3. The apparatus according to claim 2, wherein the graphical display functional unit displays the access state using different colors for different block IDs.

4. The apparatus according to claim 2, further comprising: a functional unit for displaying at least a part of the plurality of source statements or at least a part of the intermediate lists on the display device; and a functional unit for assigning, with referring to the debugging information, a block ID that is different to the block IDs of other processing blocks to code memory addresses of instructions corresponding to a part of the plurality of source statements or a part of the intermediate lists that have been designated on the display device.

5. The apparatus according to claim 2, further comprising: a first judging functional unit that shows a direction of data transfers via the execution memory between processing blocks that form a pair, based on the memory access information and the block IDs associated with the code memory addresses of the respective instructions.

6. The apparatus according to claim 5, wherein the first judging functional unit further includes displaying, in a matrix on the display device, amounts and directions of data transfers via the execution memory between processing blocks that form a plurality of pairs.

7. The apparatus according to claim 6, further comprising: a functional unit for displaying, in response to one of the data transfers displayed in the matrix being designated, the source statements or intermediate lists corresponding to the designated data transfer on the display device.

8. The apparatus according to claim 2, further comprising: a second judging functional unit that finds, based on the memory access information and the block IDs associated with the code memory addresses of the respective instructions, a reference relationship between a first processing block and a second processing block for a same area in the execution memory and shows whether parallel execution is possible for the first processing block and the second processing block.

9. The apparatus according to claim 8, wherein the second judging functional unit also outputs, based on the memory access information and the block IDs associated with the code memory addresses of the respective instructions, a bandwidth required for accesses to the execution memory by the first processing block and the second processing block.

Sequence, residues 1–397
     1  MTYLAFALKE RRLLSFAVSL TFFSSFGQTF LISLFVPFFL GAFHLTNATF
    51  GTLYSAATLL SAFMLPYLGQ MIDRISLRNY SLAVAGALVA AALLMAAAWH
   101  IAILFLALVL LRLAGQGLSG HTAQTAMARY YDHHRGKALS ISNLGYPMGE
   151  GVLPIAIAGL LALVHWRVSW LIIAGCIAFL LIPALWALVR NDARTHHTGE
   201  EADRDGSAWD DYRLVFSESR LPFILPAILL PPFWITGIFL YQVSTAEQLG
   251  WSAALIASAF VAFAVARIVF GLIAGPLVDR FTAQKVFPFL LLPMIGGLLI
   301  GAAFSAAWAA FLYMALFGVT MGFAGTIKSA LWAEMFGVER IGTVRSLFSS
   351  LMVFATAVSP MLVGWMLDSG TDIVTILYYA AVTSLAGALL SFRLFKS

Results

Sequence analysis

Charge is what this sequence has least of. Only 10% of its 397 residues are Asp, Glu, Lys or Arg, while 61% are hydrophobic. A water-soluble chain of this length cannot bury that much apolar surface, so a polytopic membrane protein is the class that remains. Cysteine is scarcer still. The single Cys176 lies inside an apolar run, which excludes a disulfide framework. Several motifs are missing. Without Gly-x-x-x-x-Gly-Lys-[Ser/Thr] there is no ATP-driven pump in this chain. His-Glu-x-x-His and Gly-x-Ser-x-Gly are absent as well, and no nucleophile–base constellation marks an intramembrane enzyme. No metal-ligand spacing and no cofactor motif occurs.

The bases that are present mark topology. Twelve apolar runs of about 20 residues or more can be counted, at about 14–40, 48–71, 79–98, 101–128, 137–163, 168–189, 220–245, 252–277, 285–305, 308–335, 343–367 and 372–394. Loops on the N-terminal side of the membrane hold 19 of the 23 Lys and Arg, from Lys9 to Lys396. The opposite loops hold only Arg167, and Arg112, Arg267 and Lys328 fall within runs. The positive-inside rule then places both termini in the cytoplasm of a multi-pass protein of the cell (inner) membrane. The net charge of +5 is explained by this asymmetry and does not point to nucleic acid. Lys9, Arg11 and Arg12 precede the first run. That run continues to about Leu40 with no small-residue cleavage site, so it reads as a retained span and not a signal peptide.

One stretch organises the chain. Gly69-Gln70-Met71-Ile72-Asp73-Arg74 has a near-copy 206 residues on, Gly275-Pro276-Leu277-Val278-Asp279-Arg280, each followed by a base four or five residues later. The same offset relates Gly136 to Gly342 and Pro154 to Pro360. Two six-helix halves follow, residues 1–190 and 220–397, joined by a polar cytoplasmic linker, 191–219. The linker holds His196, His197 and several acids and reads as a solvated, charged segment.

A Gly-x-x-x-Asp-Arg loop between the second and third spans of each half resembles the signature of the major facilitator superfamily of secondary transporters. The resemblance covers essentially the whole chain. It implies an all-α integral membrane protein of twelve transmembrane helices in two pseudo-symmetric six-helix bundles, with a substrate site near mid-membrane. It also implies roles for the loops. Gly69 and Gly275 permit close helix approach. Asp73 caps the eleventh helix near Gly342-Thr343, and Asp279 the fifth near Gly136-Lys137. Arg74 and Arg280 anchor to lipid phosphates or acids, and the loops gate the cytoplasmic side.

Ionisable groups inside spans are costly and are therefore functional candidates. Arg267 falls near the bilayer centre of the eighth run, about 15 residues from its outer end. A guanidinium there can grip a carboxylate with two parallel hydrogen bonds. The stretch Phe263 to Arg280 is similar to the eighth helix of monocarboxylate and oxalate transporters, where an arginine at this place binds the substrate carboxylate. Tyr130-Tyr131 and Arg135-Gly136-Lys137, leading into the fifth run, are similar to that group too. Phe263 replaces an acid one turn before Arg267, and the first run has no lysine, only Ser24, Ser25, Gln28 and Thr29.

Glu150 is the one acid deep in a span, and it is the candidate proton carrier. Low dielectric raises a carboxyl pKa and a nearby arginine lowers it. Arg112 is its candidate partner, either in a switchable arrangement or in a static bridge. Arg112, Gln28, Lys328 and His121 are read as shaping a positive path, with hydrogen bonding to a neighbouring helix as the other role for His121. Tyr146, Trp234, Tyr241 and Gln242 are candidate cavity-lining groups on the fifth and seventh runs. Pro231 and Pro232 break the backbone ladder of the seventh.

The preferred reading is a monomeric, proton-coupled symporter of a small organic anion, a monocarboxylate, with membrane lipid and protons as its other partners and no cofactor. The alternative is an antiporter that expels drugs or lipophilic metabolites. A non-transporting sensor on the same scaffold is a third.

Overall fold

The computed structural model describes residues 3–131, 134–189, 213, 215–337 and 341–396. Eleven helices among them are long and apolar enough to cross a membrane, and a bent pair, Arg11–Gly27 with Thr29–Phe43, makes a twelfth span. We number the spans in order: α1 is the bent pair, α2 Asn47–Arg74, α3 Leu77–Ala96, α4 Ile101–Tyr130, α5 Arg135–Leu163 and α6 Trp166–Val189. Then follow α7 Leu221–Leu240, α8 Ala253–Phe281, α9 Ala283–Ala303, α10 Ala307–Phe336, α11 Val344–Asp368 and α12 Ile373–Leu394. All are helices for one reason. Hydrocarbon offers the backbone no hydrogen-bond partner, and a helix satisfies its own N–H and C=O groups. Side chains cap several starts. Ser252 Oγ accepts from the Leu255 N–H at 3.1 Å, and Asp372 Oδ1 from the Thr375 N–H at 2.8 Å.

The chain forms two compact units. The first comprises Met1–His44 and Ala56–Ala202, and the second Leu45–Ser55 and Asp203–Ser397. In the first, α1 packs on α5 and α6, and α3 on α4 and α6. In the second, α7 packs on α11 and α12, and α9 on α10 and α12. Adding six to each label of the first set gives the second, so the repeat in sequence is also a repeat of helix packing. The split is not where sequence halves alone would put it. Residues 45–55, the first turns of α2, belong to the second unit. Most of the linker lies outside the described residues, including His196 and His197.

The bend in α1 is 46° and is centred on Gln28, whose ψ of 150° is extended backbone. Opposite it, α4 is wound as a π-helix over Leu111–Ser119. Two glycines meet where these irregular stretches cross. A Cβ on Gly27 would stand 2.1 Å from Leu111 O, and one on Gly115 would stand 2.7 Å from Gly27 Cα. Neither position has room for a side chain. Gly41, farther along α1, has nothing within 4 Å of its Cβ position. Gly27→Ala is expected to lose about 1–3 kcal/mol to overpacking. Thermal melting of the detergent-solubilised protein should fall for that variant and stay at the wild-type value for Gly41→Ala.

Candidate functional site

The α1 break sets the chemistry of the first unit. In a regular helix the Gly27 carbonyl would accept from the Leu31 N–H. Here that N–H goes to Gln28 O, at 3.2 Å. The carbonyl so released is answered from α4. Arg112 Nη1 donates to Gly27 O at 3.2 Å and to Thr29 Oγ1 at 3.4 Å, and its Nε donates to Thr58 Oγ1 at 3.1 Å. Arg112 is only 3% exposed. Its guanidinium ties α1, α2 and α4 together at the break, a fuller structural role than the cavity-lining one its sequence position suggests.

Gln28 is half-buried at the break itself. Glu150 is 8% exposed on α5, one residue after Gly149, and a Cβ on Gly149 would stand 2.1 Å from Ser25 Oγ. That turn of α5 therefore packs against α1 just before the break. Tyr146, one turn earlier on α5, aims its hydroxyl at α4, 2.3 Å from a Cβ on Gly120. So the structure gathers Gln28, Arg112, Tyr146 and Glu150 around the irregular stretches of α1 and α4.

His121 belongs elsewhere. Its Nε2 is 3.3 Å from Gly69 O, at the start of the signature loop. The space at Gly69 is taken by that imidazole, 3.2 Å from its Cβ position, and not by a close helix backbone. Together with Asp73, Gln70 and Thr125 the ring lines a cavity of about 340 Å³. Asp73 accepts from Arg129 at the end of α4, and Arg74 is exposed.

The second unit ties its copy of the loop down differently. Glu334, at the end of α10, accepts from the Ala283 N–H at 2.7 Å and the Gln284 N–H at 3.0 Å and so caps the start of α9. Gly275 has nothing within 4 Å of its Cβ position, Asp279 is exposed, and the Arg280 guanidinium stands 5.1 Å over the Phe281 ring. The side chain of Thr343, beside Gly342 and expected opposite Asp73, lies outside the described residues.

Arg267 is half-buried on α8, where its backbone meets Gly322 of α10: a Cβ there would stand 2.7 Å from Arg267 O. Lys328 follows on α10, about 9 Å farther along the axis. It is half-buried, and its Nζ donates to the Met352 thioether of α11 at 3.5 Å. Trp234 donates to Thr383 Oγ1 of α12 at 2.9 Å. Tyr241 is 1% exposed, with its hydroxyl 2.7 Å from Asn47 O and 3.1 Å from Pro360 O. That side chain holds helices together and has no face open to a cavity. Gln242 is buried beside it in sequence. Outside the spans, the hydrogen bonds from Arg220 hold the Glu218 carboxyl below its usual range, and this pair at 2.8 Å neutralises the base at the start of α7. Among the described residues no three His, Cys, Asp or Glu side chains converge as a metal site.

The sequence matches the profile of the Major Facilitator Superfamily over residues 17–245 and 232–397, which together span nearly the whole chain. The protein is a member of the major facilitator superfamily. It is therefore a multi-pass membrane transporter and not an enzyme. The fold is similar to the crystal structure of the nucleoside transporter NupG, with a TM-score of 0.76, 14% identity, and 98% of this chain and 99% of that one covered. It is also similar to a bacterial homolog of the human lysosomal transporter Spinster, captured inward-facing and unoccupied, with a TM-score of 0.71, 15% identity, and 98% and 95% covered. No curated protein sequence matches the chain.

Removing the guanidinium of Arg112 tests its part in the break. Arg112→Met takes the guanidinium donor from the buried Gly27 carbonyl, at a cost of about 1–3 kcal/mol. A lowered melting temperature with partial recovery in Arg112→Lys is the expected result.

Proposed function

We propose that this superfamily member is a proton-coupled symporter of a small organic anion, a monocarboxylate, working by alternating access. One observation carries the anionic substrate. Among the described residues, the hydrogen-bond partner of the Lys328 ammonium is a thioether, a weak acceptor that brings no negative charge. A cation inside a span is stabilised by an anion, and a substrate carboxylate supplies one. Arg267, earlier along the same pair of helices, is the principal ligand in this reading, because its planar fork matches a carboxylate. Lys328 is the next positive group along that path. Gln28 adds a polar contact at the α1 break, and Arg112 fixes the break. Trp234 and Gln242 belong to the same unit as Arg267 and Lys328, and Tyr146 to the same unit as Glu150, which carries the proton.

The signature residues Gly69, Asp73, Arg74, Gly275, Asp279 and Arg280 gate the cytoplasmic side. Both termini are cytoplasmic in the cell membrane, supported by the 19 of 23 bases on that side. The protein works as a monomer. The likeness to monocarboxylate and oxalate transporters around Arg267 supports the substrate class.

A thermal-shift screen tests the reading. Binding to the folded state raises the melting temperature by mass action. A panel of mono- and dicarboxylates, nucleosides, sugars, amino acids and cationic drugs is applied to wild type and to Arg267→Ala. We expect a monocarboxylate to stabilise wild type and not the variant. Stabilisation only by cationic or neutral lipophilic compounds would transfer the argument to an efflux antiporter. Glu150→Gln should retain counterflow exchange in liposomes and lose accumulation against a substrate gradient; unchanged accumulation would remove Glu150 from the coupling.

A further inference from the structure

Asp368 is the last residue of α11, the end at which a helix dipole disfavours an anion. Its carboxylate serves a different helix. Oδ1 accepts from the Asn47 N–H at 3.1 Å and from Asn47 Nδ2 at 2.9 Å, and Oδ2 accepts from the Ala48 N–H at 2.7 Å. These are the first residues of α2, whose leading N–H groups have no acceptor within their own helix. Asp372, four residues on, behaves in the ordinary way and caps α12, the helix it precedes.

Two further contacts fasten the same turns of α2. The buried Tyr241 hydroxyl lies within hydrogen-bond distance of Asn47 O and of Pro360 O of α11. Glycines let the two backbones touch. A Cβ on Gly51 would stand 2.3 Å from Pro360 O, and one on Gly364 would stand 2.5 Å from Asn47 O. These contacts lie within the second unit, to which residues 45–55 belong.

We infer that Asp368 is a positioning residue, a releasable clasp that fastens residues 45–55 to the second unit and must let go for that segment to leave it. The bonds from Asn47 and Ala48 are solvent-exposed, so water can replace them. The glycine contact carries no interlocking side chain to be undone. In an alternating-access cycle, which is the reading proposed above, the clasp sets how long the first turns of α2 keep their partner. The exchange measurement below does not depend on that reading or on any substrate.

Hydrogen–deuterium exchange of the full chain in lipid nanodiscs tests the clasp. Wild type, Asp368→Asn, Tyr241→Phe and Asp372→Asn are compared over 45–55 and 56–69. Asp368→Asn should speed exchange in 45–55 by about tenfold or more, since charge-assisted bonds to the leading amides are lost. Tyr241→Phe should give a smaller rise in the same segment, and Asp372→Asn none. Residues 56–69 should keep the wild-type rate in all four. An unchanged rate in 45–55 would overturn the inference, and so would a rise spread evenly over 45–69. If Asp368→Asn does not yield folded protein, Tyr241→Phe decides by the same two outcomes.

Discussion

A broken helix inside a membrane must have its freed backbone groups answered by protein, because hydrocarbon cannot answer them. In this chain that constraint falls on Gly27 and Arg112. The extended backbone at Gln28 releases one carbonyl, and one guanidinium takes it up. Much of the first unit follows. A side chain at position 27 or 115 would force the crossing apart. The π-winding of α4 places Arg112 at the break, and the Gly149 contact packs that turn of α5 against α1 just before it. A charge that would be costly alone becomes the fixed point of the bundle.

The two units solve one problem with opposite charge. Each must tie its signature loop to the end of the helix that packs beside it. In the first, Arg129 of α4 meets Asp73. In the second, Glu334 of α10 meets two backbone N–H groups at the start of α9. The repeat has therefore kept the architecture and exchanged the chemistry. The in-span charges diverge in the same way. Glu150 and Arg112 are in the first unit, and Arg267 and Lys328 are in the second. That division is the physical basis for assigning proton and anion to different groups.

10. The apparatus according to claim 2, further comprising: a functional unit for displaying, in response to a cycle of an access to the execution memory graphically displayed by the graphical display functional unit being designated, source statements or intermediate lists corresponding to the designated memory access on the display device.

11. A program product for causing a computer to execute a process of analyzing a source program including a plurality of source statements using debugging information and memory access information, wherein the debugging information is generated at a stage where object code is generated by compiling the source program and includes information that links respective source statements and/or intermediate lists with code memory addresses and variable memory address, the intermediate lists being produced by translating the respective source statements into intermediate language, the code memory addresses being addresses of instructions produced by coding the intermediate lists, the variable memory addresses being addresses of variables accessed by the instructions, the code memory addresses and the variable memory addresses being addresses in execution memory used during execution of the object code, the memory access information is generated by a cycle-based simulator that runs the object code and includes code memory addresses, variable memory addresses, and access types that are accessed in cycle units, and the process of analyzing comprises: storing block IDs for grouping part of the plurality of source statements or part of the intermediate lists as processing blocks in a memory so that the block IDs are associated with code memory addresses of respective instructions based on the debugging information; and graphically displaying, on a display device, based on the memory access information and together with elapse of cycles, an access state for the execution memory when the source program is performed, the access state including the variable memory addresses and the access types and being displayed using a different style for each block ID associated with the code memory addresses of the respective instructions.